Tuesday, December 9, 2008

'78 Topps fever

I received a note in the mail from Andy of the must-see 78 Topps blog the other day. The note read thusly:

"Yo. 78 Topps blog."

Short and to the point. You may interpret "yo" as "hello" or "what's up" or "how y'all doin' out there tonight?" But I interpret it as "give me your own personal top-10 countdown of your favorite 1978 Topps baseball cards."

I'd be happy to Andy.

Keep in mind, this is my list, assembled in a matter of minutes during a Monday afternoon of making sure the dog didn't do any MORE damage to the Christmas tree. So I may have been distracted. Here we go:

10. Steve Stone, White Sox, card #153: I was tempted to put this card at No. 1. If someone had to pick one card to sum up the 1970s, this is it. Long, curly hair, mustache, open collar, gold chains, wacky White Sox get-up. This photo has it all. All Stone has to do is lose the cap and don a white jacket and he's ready for Studio 54.

9. Don Zimmer, Red Sox, card #63: I've mentioned a couple of times that I think the '78 manager cards are the best manager cards of all-time. The Muhammad Ali of manager cards. And this one is the best of the best. Zim was quite the figure in '78. I love the fact that he has a chaw going in both the manager photo and the player photo. (dirty habit, kids, don't imitate).

8. Dan Ford, Twins, card #275: Another iconic 1970s card, featuring Disco Dan. Great glasses, great jewelry and a great shot of Ford looking for a pitch to hit. Whether you're a mother or whether you're a brother, he's stayin' alive, stayin' alive.

7. Mike Paxton, Red Sox, card #216: I am almost certain that there is not one speck of this "photo" that isn't airbrushed. The cap is airbrushed, the uniform is airbrushed, his hair is airbrushed, his face appears airbrushed, the sky (or whatever that background is supposed to be) is airbrushed. In fact, I think you could make a decent case that this is the first painting of a player to appear on a card since the '50s, although I do think that really IS Paxton in there. Somewhere.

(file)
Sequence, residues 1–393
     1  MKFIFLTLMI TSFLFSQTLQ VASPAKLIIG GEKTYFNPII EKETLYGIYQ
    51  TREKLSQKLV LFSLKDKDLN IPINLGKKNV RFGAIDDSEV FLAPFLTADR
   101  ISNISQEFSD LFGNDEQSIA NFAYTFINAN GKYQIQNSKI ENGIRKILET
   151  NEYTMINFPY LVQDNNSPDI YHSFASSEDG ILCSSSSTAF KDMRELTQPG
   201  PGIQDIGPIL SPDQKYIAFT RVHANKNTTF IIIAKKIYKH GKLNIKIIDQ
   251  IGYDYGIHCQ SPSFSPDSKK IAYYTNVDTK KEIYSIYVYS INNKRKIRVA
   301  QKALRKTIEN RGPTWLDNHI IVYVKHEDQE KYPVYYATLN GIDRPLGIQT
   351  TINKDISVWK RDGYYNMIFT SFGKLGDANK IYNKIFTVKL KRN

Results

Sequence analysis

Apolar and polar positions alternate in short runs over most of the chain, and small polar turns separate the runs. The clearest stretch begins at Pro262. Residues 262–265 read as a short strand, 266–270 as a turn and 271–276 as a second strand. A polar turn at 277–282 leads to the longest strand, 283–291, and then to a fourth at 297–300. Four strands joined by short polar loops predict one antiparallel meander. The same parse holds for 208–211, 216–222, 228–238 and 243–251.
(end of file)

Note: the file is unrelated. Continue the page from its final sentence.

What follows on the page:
6. Reggie Jackson, Yankees, card #200: (my copy of the card is in need of an upgrade). A great shot of Reggie's swing follow through, the signature left knee on the ground. This pose usually signified a swing and a miss for Reggie, which is why the card was one of my favorites as a kid. I did love to heckle Mr. October.

5. Carl Yastrzemski, Red Sox, card #40: Yaz was a veteran, an all-star and The Captain. He was all business and concentration on the field. This portrait shot captures him perfectly.

4. Ron Guidry, Yankees, card #135: Guidry had a decent 1977, going 16-7 with 176 Ks and an ERA under 3. But with this photo it seems like Topps knew Guidry was going to bust out in 1978. This is a great shot for someone who was about to go 25-3. Loved this card. And it didn't hurt that Guidry was one of the few Yankees of that time that I didn't loathe.

3. George Foster, Reds, card #500: Forget Eddie Murray or the Molitor-Trammell rookie card. In 1978, this is the card you wanted to get as a kid. Foster was bad ass. His 52 home runs in 1977 was as mind-blowing at the time as the numbers McGwire and Sosa put up 20 years later. But Foster was legit. I was thrilled when I pulled this card. Love the black bat, too.